Cults and New Religions: A Brief History

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Wiley, 2008 - 260 pages
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An overview of the development of new religions and the controversies surrounding them in late modern society.

  • A stimulating, course-friendly overview of the history and development of new religious movements (NRMs) in the late twentieth century
  • Explores eight cults and NRMs, including the Church of Scientology, Transcendental Meditation, Unificationism, The Family International, the Ramtha School of Enlightenment, the Branch Davidians, Heaven’s Gate, and Wicca
  • Each chapter reviews the origins, leaders, beliefs, rituals and practices of a NRM, highlighting the specific controversies surrounding this group
  • Covers debates including what constitutes an authentic religion, the validity of claims of brainwashing techniques, the implications of experimentation with unconventional sexual practices, and the deeply rooted cultural fears that cults engender.

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Table des matières

A Primer
1
The Question of Religion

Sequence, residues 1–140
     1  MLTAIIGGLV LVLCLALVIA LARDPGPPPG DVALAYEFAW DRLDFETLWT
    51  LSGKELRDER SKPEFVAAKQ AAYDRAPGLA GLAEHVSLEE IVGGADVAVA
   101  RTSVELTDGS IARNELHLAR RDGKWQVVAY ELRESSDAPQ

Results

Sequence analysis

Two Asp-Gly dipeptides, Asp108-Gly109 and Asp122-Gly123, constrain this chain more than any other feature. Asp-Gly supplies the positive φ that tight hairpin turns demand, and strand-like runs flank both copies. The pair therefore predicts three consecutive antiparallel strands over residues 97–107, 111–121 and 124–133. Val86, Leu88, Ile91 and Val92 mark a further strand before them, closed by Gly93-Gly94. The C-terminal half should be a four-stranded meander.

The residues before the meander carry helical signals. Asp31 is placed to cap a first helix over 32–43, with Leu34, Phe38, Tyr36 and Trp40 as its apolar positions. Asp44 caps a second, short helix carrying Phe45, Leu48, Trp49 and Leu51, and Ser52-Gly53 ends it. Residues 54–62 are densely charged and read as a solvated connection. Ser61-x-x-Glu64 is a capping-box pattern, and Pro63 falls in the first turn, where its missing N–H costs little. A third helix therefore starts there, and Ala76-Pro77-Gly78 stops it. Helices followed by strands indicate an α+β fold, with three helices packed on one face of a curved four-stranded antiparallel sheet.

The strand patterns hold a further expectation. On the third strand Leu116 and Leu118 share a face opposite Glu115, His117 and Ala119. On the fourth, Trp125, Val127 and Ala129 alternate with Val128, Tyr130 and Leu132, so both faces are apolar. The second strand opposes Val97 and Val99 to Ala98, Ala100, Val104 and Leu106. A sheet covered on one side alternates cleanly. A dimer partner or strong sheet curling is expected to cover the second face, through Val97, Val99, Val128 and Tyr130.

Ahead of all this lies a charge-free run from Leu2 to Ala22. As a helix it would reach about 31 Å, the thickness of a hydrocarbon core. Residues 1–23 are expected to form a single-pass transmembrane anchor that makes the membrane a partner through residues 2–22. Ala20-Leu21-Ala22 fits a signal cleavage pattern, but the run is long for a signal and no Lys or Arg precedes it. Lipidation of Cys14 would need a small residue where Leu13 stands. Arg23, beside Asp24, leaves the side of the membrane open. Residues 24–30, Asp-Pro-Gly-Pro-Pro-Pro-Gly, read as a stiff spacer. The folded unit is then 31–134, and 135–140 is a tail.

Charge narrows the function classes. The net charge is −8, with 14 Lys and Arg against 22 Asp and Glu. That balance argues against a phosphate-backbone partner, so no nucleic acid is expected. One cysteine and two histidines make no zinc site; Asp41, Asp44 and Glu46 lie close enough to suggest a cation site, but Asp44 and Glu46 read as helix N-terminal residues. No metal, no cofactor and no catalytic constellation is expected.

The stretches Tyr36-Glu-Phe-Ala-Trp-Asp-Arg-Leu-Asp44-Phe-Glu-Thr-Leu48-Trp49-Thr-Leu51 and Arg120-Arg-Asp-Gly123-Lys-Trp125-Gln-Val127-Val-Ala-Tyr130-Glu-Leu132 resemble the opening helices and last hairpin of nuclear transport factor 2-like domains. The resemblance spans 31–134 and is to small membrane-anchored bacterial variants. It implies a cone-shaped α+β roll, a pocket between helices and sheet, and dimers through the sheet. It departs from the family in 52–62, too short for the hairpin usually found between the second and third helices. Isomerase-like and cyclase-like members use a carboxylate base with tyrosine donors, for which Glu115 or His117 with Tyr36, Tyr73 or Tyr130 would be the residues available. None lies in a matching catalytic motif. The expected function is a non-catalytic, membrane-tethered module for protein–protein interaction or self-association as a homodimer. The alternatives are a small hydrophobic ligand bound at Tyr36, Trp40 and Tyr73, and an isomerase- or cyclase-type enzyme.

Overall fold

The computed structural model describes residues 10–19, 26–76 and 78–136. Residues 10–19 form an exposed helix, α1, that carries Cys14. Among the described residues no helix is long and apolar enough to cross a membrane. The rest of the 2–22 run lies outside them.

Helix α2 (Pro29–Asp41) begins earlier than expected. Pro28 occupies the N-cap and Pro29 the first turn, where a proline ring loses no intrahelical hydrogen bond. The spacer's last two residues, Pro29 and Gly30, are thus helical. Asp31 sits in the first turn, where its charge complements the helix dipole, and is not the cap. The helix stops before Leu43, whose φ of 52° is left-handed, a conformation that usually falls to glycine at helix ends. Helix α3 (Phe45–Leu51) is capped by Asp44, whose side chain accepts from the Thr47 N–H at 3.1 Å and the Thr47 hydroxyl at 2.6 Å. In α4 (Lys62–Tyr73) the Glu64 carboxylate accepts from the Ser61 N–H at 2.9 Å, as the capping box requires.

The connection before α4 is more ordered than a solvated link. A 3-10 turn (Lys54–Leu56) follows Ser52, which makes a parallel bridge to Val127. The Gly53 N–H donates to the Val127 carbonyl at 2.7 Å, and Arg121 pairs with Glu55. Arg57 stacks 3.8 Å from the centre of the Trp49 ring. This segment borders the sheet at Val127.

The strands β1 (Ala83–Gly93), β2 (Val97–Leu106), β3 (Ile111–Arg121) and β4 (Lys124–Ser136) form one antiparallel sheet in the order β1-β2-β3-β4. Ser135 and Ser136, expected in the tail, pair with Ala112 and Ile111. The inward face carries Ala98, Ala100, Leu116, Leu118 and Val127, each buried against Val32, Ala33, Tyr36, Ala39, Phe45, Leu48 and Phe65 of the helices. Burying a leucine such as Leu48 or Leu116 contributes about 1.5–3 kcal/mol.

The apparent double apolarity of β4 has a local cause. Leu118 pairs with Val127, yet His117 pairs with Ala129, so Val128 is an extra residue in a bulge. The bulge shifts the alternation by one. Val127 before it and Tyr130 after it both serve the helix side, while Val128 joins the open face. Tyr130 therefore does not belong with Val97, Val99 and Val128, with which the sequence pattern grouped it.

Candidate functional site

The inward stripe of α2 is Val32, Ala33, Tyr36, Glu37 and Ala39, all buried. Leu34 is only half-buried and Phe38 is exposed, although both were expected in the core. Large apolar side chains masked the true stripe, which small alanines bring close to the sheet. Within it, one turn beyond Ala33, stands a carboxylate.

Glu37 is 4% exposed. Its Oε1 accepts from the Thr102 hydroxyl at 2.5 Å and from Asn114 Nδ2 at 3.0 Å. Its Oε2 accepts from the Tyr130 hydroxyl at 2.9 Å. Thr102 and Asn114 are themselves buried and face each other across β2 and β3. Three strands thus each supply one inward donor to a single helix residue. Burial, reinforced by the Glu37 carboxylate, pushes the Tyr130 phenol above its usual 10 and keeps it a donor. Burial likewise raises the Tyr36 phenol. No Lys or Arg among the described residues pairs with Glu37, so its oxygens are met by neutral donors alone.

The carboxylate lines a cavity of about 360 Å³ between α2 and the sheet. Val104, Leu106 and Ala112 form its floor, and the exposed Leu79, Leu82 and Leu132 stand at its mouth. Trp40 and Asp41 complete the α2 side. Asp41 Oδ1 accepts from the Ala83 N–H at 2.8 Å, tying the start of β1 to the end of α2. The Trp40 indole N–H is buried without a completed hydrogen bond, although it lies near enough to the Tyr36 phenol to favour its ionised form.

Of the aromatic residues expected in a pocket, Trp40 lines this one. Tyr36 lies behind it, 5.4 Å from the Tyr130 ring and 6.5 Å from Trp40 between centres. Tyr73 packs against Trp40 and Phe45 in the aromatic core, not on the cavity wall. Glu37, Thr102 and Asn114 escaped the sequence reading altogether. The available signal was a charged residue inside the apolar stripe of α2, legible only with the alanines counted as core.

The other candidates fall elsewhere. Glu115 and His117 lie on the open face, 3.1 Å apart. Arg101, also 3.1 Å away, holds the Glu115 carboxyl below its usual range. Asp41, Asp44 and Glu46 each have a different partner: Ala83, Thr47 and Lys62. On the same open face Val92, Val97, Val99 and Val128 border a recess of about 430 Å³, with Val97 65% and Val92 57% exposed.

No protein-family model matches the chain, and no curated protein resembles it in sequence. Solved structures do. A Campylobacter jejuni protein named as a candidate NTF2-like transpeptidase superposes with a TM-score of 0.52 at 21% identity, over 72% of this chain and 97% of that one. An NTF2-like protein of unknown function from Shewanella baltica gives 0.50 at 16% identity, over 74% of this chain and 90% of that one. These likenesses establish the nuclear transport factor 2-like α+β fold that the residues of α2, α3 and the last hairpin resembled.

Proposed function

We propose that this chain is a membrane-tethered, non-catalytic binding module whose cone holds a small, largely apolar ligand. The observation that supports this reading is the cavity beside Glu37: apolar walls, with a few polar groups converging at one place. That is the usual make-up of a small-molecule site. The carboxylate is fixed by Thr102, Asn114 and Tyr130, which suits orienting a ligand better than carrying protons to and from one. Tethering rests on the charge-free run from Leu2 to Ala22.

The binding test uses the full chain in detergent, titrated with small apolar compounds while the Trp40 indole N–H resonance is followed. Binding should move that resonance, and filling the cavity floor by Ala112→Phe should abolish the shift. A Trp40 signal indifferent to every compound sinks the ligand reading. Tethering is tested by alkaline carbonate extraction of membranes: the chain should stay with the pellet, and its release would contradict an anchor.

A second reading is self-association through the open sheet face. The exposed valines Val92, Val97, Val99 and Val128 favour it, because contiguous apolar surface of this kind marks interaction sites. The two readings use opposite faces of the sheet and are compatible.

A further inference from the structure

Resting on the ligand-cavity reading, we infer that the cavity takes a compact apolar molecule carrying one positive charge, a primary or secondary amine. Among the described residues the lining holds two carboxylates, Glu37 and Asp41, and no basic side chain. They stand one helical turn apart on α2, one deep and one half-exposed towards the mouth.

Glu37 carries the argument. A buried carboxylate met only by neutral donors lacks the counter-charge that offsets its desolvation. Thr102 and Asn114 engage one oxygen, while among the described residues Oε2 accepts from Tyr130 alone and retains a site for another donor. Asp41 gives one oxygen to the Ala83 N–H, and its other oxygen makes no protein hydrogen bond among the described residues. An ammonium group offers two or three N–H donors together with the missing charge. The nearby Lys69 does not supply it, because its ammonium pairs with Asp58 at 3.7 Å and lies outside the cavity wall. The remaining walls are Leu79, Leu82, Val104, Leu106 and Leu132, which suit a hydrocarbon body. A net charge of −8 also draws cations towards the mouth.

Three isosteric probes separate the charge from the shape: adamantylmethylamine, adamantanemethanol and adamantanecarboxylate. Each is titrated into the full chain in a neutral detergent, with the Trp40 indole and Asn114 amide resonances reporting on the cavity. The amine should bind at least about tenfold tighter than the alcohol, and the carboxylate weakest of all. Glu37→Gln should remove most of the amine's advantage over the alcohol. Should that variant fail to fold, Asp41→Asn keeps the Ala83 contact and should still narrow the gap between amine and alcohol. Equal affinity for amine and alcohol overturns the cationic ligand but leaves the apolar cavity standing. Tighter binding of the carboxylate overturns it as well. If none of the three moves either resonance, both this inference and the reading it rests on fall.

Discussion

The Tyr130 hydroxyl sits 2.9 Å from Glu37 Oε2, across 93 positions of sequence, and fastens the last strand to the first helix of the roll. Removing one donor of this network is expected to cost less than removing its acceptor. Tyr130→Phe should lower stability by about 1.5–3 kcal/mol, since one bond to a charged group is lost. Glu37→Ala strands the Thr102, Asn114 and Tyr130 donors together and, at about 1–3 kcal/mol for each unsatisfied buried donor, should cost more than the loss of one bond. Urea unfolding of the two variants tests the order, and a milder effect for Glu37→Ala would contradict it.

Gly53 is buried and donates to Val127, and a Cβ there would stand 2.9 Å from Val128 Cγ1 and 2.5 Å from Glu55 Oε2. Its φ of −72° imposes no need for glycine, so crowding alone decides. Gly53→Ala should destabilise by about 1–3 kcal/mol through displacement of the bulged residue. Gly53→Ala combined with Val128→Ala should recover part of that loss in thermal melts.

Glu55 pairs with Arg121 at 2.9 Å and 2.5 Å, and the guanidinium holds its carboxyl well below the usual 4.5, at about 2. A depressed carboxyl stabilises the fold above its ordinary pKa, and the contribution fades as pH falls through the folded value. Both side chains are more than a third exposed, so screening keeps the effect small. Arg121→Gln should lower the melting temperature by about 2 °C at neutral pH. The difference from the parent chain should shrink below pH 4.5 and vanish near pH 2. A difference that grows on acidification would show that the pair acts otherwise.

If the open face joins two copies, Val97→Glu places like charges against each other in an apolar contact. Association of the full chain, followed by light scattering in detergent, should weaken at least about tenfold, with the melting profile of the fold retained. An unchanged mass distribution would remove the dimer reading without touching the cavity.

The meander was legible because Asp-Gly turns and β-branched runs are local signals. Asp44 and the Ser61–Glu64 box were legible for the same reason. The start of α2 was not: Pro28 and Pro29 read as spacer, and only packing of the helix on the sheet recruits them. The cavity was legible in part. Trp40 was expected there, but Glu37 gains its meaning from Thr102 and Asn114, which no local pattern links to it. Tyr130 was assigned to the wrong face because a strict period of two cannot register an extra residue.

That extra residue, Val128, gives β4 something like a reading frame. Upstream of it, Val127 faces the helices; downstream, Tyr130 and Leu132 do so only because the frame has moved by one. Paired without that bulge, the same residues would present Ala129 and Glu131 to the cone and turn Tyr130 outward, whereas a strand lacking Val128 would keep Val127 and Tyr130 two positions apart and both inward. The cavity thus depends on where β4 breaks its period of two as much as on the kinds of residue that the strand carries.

24
The Questions of Science
48
Droits d'auteur

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À propos de l'auteur (2008)

Douglas E. Cowan is Associate Professor of Religious Studies and Social Development Studies at Renison University College, the University of Waterloo. He is the author of Cyberhenge: Modern Pagans on the Internet (2005), The Remnant Spirit: Conservative Reform in Mainline Protestantism (2003), and Bearing False Witness? An Introduction to the Christian Countercult (2003). He has also edited Religion Online: Finding Faith on the Internet (with Lorne L. Dawson, 2004) and Religion on the Internet: Research Prospects and Promises (with Jeffrey K. Hadden, 2000). He is one of the co-general editors of Nova Religio: The Journal of Alternative and Emergent Religions.

David G. Bromley is Professor of Religious Studies in the School of World Studies and an Affiliate Professor in the Sociology Program in the Wilder School of Government and Public Affairs at Virginia Commonwealth University. His most recent books are Defining Religion: Critical Approaches to Drawing Boundaries Between Sacred and Secular (2003), Cults, Religion and Violence (2001), Toward Reflexive Ethnography: Participating, Observing, Narrating (2001), and The Politics of Religious Apostasy (1998).

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